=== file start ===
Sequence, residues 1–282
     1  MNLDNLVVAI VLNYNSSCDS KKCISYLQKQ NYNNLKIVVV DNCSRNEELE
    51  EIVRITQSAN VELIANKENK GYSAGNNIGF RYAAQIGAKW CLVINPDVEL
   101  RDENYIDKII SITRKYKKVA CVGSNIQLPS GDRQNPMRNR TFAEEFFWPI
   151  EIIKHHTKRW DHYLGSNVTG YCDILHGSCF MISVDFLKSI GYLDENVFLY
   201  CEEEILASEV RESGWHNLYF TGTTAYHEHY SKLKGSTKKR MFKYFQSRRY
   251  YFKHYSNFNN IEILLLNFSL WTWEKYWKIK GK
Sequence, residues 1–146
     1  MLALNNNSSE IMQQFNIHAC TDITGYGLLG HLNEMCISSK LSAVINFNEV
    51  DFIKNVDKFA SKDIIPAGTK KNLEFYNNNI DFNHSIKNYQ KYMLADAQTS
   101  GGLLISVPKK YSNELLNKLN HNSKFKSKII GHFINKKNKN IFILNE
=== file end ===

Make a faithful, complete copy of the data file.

Sequence, residues 1–282
     1  MNLDNLVVAI VLNYNSSCDS KKCISYLQKQ NYNNLKIVVV DNCSRNEELE
    51  EIVRITQSAN VELIANKENK GYSAGNNIGF RYAAQIGAKW CLVINPDVEL
   101  RDENYIDKII SITRKYKKVA CVGSNIQLPS GDRQNPMRNR TFAEEFFWPI
   151  EIIKHHTKRW DHYLGSNVTG YCDILHGSCF MISVDFLKSI GYLDENVFLY
   201  CEEEILASEV RESGWHNLYF TGTTAYHEHY SKLKGSTKKR MFKYFQSRRY
   251  YFKHYSNFNN IEILLLNFSL WTWEKYWKIK GK
Sequence, residues 1–146
     1  MLALNNNSSE IMQQFNIHAC TDITGYGLLG HLNEMCISSK LSAVINFNEV
    51  DFIKNVDKFA SKDIIPAGTK KNLEFYNNNI DFNHSIKNYQ KYMLADAQTS
   101  GGLLISVPKK YSNELLNKLN HNSKFKSKII GHFINKKNKN IFILNE